George: I am the fabricator. Laurie sources the product and meets all the artists. We both attend the shows but she makes the decision about what comes into the store.

DNBIA: What service does the fabrication part of the business provide?
George: Architecturally unique metal craft. It used to be anything; any repair idea, but it wasn’t focused enough for me. Now we are primarily fabricating driveway gates and automation systems. It has gone from being 10% of what we did to 80% of what we do now. So many factors have to be considered. Sometimes we have to change the entire front of a house in order to incorporate the wrought iron design that people want.

DNBIA: What geographic region do you serve?
George: The central island keeps me most busy. I have done two gates in Port Alberni recently and we have gone all the way to Tofino for customers, but it’s a stretch to service later.

DNBIA: What about your business makes you happiest.
George: Seeing pieces that we’ve done around Nanaimo. We did the curved rails at the Caprice Theatre, projects for Boston Pizza, Cactus Club, Fitzwilliam Gate, the rails in Lois Lane downtown and various character security window grilles for businesses all over Nanaimo. Now we are working on the plinths for the public art exhibit for China Steps.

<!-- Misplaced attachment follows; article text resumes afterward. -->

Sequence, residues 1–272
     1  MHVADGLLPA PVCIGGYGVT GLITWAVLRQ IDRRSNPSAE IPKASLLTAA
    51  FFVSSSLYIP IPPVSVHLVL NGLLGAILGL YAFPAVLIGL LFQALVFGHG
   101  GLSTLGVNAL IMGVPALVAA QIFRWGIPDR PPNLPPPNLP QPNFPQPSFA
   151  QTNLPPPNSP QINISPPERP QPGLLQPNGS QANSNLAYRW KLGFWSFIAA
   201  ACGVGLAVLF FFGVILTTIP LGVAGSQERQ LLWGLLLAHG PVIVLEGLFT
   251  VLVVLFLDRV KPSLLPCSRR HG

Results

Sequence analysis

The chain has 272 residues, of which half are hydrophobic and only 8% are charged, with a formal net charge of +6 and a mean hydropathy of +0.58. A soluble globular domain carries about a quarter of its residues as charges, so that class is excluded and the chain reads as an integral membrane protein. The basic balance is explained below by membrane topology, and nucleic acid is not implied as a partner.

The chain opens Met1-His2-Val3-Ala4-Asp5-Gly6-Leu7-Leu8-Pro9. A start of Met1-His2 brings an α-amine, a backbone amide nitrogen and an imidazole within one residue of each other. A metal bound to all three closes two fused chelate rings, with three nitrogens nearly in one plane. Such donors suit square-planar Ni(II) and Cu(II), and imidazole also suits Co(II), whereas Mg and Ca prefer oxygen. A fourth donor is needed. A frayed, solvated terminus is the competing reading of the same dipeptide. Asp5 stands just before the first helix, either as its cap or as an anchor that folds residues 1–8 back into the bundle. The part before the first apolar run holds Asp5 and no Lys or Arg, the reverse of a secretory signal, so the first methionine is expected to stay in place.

DNBIA: What was your favourite project?
George: One of our most recent projects. I did a gate for a family in Rivers Edge in Parksville where we were asked to incorporate a New Zealand Christmas tree the “Pohutukawa Tree” into the design. When I first met Laura she thought it would be cool to do graphic art. I like teamwork-oriented things and with this project we had the opportunity to work together. I am able to do the gates structurally and artistically I can do it, but I can’t do the drawing – Laura draws on paper and then creates computer generated images that I incorporate into the gates in my CAD drawings.  This gate has seven large panels of steel; three on the back that are flat in silhouette and four in  front; hammered to more three dimensional, painted black with gold highlights. I really enjoy teaming up with my girl and it is great to work together. We have been together for 27 years, there is a clear delineation between both aspects of the business, and together it works.

DNBIA: Can you give us an anecdote that sums up what your business is all about?
George: We collect “sunshine words”. These are words that we excerpt from customer letters and post on our website. We recently had a customer in Port Alberni who wanted a very unique staircase built for her home.  During the building and installation process we knew there were going to be problems with some of the carpentry work that had been done. Rather than just go ahead and install it the way she wanted, I talked to her on the phone and we had a very personal one to one, because I knew she would regret the decision in the end. These are difficult conversations to have because there is more effort and cost involved, but when the rails were done, she was so pleased happy to be part of the decision process that she sent a letter with really nice “sunshine words”.